"The reason good women like me and flock to my pictures is that there is a little bit of vampire instinct in every woman."
- Theda Bara
(quoted in Clark's Women, Women, Women: Quips, Quotes, and Commentary)
One of the greatest icons of silent film, Theda Bara has disappeared into history for all but 1920s lovers and film students, but she had a huge impact on the craft of film and acting.
She was born in Cincinnati, Ohio in 1885 to immigrant parents. Her first Broadway debut was in 1908 in the play The Devil. She moved on to silent film, and she made over 40 films in her movie career from 1915 to 1926, but only 6 remain intact. The rest were destroyed in a studio fire in 1937. (Noooooooooooo!!!!)
Her most famous roles were those as a "vamp", short for vampire. She was dynamic, exotic, and mysteriously alluring. She did not totally fit the "beautiful woman" mold of her time, but her acting skills and smoldering, dark sensuality made her one of the biggest movie stars of her day, only behind Charlie Chaplin and Mary Pickford.
Clips from "A Fool There Was", the 1915 movie that made Theda famous
Theda was also known for her eyes. Often framed in smoky, thick makeup, her large brown eyes could look innocent one moment and maniacally alluring the next. They were immortalized in songs from her day, such as "If I Had a Man Like Valentino" ("Theda Bara sure would die, /she would never roll another eye") and "Louisville Lou" by Yellen and Ager ("Oh, what that vampin' baby can do!/ She got the meanest pair o' eyes,/ Theda Bara eyes, that the world ever knew!")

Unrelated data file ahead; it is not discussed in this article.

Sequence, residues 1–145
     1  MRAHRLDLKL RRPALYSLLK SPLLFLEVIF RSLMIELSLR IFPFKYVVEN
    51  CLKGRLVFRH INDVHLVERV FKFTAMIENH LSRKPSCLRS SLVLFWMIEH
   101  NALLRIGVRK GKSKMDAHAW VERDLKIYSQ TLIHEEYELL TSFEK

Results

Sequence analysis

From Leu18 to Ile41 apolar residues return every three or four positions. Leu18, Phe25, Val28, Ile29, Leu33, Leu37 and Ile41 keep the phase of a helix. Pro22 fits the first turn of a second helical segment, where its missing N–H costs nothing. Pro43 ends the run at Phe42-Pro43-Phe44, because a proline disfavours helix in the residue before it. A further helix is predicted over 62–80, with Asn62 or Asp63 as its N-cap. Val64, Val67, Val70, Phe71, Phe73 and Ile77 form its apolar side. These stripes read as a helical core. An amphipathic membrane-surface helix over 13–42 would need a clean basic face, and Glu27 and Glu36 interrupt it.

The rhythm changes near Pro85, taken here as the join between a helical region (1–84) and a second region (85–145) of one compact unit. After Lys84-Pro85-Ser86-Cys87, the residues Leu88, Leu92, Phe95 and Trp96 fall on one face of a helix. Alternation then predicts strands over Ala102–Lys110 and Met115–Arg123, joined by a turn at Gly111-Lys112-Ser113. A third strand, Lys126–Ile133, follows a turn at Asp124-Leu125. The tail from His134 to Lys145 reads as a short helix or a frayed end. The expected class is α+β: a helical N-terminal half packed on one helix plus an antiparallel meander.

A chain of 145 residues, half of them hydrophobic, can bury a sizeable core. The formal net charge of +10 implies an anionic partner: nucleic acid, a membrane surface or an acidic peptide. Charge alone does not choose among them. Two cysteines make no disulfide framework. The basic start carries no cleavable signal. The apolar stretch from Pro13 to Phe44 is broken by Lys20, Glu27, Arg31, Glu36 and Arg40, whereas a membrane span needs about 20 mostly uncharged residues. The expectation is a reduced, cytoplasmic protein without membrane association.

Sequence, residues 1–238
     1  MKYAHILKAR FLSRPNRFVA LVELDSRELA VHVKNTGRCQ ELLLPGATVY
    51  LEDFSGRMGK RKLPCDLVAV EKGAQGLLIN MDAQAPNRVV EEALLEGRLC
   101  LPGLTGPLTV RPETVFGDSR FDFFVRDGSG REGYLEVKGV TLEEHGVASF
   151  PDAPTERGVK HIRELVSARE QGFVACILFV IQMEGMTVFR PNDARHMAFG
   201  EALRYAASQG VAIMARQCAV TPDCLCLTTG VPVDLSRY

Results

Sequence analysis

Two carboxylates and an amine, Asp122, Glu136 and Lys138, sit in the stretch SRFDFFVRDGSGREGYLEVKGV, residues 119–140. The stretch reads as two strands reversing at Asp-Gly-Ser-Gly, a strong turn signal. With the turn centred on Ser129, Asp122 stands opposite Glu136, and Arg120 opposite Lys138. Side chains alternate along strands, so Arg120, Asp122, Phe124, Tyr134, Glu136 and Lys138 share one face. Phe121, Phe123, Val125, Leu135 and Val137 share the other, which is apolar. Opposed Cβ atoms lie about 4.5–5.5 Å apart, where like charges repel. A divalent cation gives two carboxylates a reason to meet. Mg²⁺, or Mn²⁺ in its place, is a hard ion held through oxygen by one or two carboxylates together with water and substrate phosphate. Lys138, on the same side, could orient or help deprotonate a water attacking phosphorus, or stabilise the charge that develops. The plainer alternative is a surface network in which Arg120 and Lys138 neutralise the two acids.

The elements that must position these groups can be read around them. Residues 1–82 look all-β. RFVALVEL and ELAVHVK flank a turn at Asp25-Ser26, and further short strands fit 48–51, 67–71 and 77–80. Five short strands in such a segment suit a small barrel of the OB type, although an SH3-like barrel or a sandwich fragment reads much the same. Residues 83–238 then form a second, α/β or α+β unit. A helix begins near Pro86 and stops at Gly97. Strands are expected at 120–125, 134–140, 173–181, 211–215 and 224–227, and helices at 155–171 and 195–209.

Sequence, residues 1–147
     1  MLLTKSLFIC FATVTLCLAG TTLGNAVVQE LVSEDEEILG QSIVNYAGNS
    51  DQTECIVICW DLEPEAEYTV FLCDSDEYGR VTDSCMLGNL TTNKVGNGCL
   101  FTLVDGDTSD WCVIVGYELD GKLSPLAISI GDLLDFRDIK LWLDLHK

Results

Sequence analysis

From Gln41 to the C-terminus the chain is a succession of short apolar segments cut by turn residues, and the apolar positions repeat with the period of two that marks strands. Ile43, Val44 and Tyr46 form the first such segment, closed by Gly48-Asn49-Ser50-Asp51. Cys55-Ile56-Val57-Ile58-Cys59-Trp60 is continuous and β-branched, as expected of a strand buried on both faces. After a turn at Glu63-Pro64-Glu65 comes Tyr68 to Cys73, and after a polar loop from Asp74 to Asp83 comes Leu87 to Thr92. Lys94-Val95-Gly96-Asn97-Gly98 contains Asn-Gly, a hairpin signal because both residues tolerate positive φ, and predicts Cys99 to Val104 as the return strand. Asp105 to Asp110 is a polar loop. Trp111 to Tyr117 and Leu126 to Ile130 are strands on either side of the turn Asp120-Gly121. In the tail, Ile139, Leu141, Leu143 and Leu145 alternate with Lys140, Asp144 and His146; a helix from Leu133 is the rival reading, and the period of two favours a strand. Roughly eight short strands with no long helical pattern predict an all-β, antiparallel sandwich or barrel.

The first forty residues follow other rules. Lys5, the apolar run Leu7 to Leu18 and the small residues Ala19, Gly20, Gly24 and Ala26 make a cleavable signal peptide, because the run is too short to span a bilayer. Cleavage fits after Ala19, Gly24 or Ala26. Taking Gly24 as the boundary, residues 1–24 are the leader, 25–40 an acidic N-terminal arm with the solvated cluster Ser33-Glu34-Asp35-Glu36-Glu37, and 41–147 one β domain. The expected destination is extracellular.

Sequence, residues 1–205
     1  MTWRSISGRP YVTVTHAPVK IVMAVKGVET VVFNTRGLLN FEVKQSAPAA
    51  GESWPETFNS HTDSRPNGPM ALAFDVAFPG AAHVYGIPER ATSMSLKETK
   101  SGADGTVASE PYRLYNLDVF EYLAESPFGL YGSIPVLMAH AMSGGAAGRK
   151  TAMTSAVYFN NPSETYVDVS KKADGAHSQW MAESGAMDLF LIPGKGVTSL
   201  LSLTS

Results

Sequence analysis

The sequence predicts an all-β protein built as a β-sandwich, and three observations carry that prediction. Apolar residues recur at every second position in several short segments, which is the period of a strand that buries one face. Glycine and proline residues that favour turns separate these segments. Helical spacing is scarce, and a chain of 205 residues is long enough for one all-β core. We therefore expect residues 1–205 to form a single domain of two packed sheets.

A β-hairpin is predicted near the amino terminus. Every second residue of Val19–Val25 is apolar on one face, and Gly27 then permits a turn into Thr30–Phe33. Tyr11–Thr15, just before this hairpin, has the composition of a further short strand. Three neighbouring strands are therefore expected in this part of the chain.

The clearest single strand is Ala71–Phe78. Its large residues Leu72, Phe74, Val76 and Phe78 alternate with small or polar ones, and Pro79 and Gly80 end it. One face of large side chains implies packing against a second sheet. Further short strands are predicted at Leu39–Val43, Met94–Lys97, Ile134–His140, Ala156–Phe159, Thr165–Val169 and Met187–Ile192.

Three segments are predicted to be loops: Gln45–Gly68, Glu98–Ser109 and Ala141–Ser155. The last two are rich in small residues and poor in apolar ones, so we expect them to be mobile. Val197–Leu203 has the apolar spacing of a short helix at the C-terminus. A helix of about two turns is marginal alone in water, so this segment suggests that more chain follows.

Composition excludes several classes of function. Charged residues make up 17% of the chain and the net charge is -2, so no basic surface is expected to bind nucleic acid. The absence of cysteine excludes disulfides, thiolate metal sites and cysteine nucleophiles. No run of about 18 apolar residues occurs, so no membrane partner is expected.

Her most iconic role was as Cleopatra in 1917. Sadly, only 16 seconds of the film exists today, but there are plenty of pictures of her in the costumes from the film. Her costumes were very revealing (especially for that day!), and this helped solidify her spot as the first Hollywood sex symbol. Such costumes were common in her films but were later banned in the 1930 Production Code that censored movies.
Theda Bara later married Charles Brabin in 1921 and retired from acting. She is one of the most famous silent film-only actresses, and she has her own star on the Hollywood Walk of Fame. Her image as the epitome of vamp, the first temptress, the exotic "daughter of an Arab sheik and a French woman, born in the Sahara" helped mold the new film media and set the standard for generations of actors afterward.
While I wouldn't recommend going out in a snake bra, you can still get the mysterious vamp look of Theda Bara into your wardrobe!